In September, consumers filed a class action lawsuit against DirecTV LLC alleging that the company violated the Telephone Consumer Protection Act (TCPA) when they contacted consumers’ cell phones, and in some cases left voicemails, using pre-recorded messages offering their satellite television services. Lawyers for the plaintiffs believe that at least 100,000 consumers across the country were affected by the unauthorized telephone soliciting, and they are seeking damages of up to $2,000 for each call made in violation of the TCPA. Damages under the TCPA can range from $500 to $1,500 per negligent or willful violation of the act.
New requirements were added to the TCPA.
One plaintiff, Tara Miller, is requesting up to $2,000 for each violation of the TCPA against himself and his fellow class members. DirecTV allegedly began calling Miller in May of this year, leaving messages on his phone in Spanish and asking to speak with a DirecTV customer. After Miller contacted DirecTV in June to tell them he did not have an account with them, he requested to be removed from the company’s call lists. However, Miller claims that the calls continued throughout July and incidentally caused him unnecessary telephone charges and invaded his privacy. Miller is seeking $2,000 per instance of unauthorized calling, $1,500 per willful violation, and $500 per negligent violation.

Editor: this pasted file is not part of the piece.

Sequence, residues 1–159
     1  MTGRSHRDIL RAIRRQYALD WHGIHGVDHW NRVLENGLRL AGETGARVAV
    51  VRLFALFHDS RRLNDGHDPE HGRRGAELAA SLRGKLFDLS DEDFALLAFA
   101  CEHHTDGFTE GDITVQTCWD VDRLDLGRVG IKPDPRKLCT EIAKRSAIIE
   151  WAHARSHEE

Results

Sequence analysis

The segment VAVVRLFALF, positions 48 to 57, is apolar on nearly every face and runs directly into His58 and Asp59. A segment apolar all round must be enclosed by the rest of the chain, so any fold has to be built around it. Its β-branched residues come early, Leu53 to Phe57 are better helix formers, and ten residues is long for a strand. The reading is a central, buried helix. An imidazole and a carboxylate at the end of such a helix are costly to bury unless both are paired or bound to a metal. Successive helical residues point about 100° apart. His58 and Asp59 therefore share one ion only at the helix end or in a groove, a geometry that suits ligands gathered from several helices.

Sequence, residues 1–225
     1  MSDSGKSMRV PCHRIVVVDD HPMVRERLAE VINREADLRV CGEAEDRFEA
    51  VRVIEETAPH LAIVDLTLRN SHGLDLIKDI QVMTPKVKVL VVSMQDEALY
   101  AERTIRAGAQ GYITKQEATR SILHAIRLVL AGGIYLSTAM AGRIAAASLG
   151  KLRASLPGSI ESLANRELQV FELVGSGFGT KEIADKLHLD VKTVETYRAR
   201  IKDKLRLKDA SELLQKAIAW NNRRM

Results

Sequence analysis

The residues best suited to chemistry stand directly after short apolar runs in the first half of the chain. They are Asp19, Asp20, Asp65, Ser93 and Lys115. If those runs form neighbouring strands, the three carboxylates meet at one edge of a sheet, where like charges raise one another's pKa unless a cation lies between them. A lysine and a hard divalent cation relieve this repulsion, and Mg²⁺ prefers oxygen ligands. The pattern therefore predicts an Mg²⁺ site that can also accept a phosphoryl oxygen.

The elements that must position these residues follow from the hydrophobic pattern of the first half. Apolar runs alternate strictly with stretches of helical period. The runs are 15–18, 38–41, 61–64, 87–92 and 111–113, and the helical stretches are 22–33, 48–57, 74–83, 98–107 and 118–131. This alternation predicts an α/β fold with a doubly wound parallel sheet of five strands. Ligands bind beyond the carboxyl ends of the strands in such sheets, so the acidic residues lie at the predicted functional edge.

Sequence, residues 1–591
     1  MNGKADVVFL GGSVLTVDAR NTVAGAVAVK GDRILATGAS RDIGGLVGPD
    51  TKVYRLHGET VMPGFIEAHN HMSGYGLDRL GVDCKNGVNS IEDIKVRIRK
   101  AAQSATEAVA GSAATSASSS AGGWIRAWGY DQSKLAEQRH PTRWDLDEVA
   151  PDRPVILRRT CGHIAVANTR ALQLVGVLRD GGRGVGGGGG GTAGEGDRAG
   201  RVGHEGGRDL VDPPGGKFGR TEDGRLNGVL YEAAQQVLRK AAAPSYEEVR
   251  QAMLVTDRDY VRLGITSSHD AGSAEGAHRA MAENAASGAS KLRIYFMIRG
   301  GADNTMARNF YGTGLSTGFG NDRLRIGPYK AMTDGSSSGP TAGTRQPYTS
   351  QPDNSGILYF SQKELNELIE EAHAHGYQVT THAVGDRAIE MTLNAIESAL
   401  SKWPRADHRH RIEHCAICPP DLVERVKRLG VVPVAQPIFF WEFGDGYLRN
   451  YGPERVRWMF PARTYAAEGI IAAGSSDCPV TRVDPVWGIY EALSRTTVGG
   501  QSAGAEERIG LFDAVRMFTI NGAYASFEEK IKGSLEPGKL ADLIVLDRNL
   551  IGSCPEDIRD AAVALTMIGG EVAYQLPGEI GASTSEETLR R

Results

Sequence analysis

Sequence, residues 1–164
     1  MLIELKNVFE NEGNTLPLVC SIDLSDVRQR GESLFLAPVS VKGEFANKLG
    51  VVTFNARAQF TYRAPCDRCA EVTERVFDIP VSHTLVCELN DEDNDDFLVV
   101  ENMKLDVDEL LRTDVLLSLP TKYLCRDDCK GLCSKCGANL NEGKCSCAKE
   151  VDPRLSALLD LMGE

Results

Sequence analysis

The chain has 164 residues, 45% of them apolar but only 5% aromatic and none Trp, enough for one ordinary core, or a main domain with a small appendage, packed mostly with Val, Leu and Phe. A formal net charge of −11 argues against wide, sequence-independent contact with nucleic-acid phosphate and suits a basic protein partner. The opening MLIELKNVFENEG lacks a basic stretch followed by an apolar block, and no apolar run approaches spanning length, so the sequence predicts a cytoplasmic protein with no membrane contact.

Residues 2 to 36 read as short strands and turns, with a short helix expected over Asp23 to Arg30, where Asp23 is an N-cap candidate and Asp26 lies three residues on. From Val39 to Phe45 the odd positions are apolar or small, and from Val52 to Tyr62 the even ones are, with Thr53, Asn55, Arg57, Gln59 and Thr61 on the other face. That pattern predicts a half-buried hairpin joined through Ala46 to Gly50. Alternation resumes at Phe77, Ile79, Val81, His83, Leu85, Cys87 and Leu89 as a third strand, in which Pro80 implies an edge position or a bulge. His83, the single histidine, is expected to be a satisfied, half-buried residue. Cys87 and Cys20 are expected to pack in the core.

In 1991, the TCPA was enacted so individuals could file lawsuits to collect damages after they received unsolicited telemarketing calls, faxes, pre-recorded telephone calls, or autodialed telephone calls. In October of this year, new requirements were added to the TCPA: now, companies must obtain prior written consent before making a telemarketing call or text to a wireless phone using an automated dialing system or an artificial/recorded voice. In addition, companies must now obtain written consent before using an artificial voice to deliver a message to a landline.
DirecTV has faced similar cases before. In 2005, they were ordered to pay $5.3 million to the Federal Trade Commission to settle charges of violating the commission’s Telemarketing Sales Rule, and in 2010, they paid $1 million to settle allegations against them for charging hidden fees.
TCPA class action suits are up 40 to 60 percent this year, according to a report from Lexology. Similar to the allegations against DirecTV, Bank of America was alleged to have placed unauthorized calls to customers’ cell phones using automated dialing technology earlier this year. The bank proposed a settlement of $32 million to end six pending class action suits over the alleged TCPA violations.